talks about insured Americans who had survived cancer but now face secondary
problems and an endless onslaught of salary-zapping bills.
To be sure, getting everyone insured is of paramount importance. But so is realistically looking at how one can make that happen over a span of time so that it happens correctly in the nuanced way that it should. Does Obama have specific ideas for how to stop hospital and doctor billing fraud? For how to get cancer survivors better quality of life as they age and new bizarre conditions come their ways because of the toxic chemicals and treatments they were forced to endure to be able to vote in this election? I haven't exactly heard them. But if there's one thing that keeps people going after they've been very sick and now have uncertain futures, it's hope. And Obama gives me, a survivor of an autologous stem-cell transplant for pediatric lymphoma, hope.
I just wouldn't trust her looking out for me at the
infusion center if there was another chance for her to win some more
powerful support from someone across the street. I wouldn't look to her
for thoughtful looks at the small problems facing patients
double-billed by hospitals, giant corporations, in fact, who often
charge $150 facility (or in some cases, emergency room) fees in
addition to outrageous doctor fees just because a physician chooses to
practice inside a hospital-owned professional building a few blocks
from the actual hospital building--what I call the branding-inspired
Mayo Clinic model.
What's become evident, however, is that the sufferers and
survivors of chronic diseases in America should band together to endorse a
candidate based on the specific issues of getting and keeping not-just-OK-but-excellent insurance
after a war has been waged against our bodies. Medicare, for
instance, recently stopped paying out for some instances of immune deficiency treatments like intravenous
immunoglobulins (which is also used to treat auto-immune diseases affecting the
nerves, muscles, and joints, to say nothing of its promise for Alzheimer's and
other conditions). Someone needs to ask the candidates about this.
Universal health care is vital. But if some of us devoted to it aren't alive—or well enough—to fight for it as the years pass, voting for someone's broad promise of more coverage dollars for everyone when they may not really care about the details for those sick people lucky enough to already have insurance isn't going to help. If there's one thing sick people know, it's that there are a hundred questions to be answered and solved after deciding on a treatment plan.
There's a way to live more healthfully on the left side with insurance – and that doesn't mean just swallowing our severe insurance and medical care issues because the rest of the country isn't insured. Let's look at the problem in a complex, multi-angled manner, and not jump to the flashiest, sexiest solution just yet.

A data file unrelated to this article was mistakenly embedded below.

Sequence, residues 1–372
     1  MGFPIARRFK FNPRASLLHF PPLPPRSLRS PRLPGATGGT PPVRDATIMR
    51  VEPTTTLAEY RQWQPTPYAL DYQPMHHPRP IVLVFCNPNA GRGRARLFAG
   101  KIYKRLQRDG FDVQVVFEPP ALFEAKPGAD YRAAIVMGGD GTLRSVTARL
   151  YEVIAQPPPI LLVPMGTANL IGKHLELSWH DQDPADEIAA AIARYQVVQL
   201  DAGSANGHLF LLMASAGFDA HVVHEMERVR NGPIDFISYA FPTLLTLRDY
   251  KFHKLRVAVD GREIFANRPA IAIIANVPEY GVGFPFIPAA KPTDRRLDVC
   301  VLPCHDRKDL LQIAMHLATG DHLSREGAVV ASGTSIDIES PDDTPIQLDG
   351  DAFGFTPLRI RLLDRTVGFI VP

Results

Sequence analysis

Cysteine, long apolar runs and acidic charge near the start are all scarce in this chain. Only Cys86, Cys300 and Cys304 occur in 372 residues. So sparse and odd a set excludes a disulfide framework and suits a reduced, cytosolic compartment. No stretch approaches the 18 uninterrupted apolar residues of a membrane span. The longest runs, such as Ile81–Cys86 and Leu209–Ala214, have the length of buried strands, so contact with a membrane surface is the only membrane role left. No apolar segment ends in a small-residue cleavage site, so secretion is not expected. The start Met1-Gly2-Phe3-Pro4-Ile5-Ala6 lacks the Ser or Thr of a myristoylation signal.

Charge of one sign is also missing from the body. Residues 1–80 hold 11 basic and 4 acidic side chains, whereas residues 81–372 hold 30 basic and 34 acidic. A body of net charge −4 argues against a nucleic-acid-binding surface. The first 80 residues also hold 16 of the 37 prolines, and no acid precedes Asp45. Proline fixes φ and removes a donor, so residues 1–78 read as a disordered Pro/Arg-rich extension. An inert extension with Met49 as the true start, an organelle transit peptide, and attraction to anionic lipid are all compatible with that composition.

When flight attendants tell you to make sure your air mask is secured before you help others with theirs in the event of an emergency, it's about not being self-interested or conservative. It's about being smart. And while Obama's thoughts about healthcare may seem like an immediately smaller and less comprehensive band-aid for the country's uninsured, they may also be the most realistic and nuanced on the ticket because they come from someone who sees that this problem is a lot larger and more intricate than it seems.
Response to HuffPo commenters:
Don't teach me about the value of hope vs. the value of insurance. I know it all too well. But I also know it matters who's holding the cards. And it's never you as the patient. So in this case hope matters. Because I simply wouldn't trust Hillary holding the cards that concern my medical treatments--what's allowed, what procedures, what payouts, when. Obama has shown concern not just for universal health coverage but for a growing population in America: the chronically ill, the survivors who now face mysterious secondary conditions (and secondary can mean 5 or 6 or 12 of them). So to anyone who doesn't understand the above piece, let me say it clearly: More coverage dollars and an immediate quick-fix mandate doesn't mean jack if it means that the person in control won't necessarily grasp or care about the nuances involved in high-level medical treatments once plans are put into place. Obama has shown the most important quality here: human concern. My biggest nightmare is waking up to find Hillary with her hands around some patient's IV, discussing the economic worth and political value of his or her treatment with an insurance company.
Posted on February 04, 2008 at 06:46 PM | Permalink